Approaching changes for sex workers using public health reasoning, should be one of MANY approaches to change.

If you don't mind, talk a little bit about DecrimNY and why this is a super important moment for the work they're doing.

This is an amazing moment – across the country we’re seeing sex worker and community-led efforts towards decriminalization. I think it’s a moment of connection – across the country but around the world – where these efforts can build on each other, learn from each other, and just not feel isolated from each other – in a way that is really new.

And just to keep things from getting too heavy too fast: if you could be any kind of tree, what kind of tree would you be and why?

I’d probably be more of a hedge with Christmas lights a few weeks after it’s timely.

It feels like there are a million issues and events happening right now where yours would be exactly the brain to pick, but if we're narrowing it down a bit: what's your read on Kamala's big decrim announcement? And is the Kraft story really something unique? Or just another massage parlor shakedown but with a famous john/casualty?

Oh my god there’s so much right now. On Kamala? I think she got a question and took a stab at an answer that she probably wasn’t prepared for. I think the story about the Jupiter massage parlors is, on the other hand, painfully typical for how anti-trafficking narratives are used to promote and re-label the same abusive, exploitative policing practices that local law enforcement has been engaging in for decades.

Advice time! If somebody wants more, and more trustworthy information about sex work and rights issues, what are the 3 social media accounts they should follow?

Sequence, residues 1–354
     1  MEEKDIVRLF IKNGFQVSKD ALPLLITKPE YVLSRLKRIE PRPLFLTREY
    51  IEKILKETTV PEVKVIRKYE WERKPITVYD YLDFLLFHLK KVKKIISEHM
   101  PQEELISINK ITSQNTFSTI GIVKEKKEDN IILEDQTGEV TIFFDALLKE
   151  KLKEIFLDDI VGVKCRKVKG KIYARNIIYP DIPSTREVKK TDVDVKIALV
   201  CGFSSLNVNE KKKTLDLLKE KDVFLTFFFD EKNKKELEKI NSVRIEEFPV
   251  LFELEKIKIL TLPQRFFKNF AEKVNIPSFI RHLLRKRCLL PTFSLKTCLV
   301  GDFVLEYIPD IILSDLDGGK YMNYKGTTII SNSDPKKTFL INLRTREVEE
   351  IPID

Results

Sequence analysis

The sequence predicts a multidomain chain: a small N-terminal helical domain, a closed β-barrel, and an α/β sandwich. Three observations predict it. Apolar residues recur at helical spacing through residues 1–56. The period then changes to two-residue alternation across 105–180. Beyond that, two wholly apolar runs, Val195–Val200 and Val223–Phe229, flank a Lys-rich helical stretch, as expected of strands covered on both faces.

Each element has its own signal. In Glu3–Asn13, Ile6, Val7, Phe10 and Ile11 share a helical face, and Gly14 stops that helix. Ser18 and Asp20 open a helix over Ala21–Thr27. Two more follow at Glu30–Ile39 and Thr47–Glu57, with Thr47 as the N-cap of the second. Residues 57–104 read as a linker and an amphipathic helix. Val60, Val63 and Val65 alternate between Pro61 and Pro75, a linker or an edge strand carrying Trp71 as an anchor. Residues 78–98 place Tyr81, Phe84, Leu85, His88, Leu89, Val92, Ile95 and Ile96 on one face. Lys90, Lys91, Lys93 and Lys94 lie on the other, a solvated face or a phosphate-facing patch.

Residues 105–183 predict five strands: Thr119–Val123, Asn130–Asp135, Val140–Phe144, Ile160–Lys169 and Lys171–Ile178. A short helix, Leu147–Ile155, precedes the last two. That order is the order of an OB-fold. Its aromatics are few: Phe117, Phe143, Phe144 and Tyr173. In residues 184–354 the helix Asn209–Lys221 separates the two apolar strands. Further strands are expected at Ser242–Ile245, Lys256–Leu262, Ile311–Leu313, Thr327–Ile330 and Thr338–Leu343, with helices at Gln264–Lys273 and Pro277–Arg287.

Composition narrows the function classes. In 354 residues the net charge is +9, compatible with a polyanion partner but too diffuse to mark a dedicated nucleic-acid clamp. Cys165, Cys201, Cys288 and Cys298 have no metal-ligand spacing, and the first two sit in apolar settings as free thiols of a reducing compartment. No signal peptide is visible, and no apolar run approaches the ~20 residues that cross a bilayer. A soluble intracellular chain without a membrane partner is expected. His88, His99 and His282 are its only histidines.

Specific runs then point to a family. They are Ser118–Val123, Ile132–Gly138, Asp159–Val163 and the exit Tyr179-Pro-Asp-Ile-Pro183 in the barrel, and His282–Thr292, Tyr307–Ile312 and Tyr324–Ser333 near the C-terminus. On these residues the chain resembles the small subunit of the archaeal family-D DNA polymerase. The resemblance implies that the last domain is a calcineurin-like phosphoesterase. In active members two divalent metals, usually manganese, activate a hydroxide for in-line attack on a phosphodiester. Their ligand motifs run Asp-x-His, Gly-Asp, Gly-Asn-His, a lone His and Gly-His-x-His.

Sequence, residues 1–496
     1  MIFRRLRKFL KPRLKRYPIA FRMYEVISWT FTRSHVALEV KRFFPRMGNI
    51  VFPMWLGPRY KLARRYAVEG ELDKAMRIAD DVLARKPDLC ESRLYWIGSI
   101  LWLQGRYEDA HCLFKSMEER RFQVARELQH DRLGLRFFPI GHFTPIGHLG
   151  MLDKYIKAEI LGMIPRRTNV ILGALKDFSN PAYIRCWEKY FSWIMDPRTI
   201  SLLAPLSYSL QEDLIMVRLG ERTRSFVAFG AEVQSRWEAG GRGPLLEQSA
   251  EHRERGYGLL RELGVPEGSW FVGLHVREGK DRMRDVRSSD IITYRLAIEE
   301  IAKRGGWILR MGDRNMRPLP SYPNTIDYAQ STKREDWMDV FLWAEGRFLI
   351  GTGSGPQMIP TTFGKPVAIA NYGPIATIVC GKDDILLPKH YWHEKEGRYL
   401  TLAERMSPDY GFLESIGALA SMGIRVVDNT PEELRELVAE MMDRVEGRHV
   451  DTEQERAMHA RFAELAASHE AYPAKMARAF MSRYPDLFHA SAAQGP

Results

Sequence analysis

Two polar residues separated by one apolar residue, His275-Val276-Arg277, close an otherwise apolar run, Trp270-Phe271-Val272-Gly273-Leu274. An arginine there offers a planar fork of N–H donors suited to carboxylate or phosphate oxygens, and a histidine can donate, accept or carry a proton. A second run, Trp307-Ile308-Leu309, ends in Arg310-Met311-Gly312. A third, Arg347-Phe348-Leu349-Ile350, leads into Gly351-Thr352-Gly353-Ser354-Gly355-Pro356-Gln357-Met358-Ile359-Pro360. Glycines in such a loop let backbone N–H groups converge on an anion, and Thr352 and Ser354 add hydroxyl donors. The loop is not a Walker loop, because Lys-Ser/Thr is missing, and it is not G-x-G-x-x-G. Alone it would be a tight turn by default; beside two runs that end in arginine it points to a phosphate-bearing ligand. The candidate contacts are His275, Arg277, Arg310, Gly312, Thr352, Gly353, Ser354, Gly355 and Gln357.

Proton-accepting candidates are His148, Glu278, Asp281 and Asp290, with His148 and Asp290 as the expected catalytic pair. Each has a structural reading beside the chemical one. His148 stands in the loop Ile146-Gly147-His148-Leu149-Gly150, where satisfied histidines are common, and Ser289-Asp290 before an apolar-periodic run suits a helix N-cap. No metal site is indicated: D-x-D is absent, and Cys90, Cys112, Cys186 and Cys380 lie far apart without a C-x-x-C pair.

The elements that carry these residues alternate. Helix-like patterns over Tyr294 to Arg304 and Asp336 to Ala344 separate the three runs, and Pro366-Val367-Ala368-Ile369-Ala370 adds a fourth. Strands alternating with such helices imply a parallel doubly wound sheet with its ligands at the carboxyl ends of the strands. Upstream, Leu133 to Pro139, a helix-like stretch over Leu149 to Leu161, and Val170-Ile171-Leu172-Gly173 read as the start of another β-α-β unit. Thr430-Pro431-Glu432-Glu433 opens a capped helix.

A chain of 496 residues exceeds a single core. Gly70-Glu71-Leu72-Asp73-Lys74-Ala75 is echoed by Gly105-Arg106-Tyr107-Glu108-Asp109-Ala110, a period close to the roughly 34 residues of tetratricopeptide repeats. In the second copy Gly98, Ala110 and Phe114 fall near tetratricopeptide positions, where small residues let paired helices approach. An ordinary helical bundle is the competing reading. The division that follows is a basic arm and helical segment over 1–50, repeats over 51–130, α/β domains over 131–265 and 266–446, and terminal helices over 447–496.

Oh I’m going to get in trouble for leaving things out. For serious journalism, I will always send people to Melissa Gira Grant – she’s one of my favorite journalists on the issues she touches on, including but also far beyond sex work. I also think it’s important to have a broader context in which to nestle those stories, and I’d recommend Phoenix Calida/@uppitynegress. I also love to follow sex worker groups outside of the United States – UKDecrimNow in the UK, Asijiki Coalition in South Africa, APNSW in the Asia Pacific. It’s not just an amazing moment in the US – it’s an amazing moment to be following this issue around the world.

Also, don’t forget to follow things that make you smile. I love Tiny Kitchen videos.

Give us an elevator pitch of what readers can expect from your new weekly column here on the Slixa blog?

I’m hoping to have a place where people who want an idea of the range of things going on can check in to get an idea. There is more happening than we can ever stay on top of, and being able to see the range of things happening, with a bit of context can make a huge difference. I want to talk about the hard things alongside the inspiring – what we’re fighting against, but what we’re moving towards. The more advocacy I do, the more hopeful I am – I want to share that space and that energy.

How do you unplug from the constant stream of news and events and commentary and get yourself recharged? What does D'Adamo Downtime look like?  

I’m a fan of really long walks or drives listening to music. Hours long. When I was still in New York, one of my favorite things was walking from Prospect Park to Columbus Circle. I just moved, and I’m already excited to figure out my next trek.

Slixa is so excited to host #KatesAccount and offer our readers an inside perspective on some serious issues that affect their daily lives. Watch for Kate's first news download beginning next week, and follow her on Twitter at @KateDAdamo.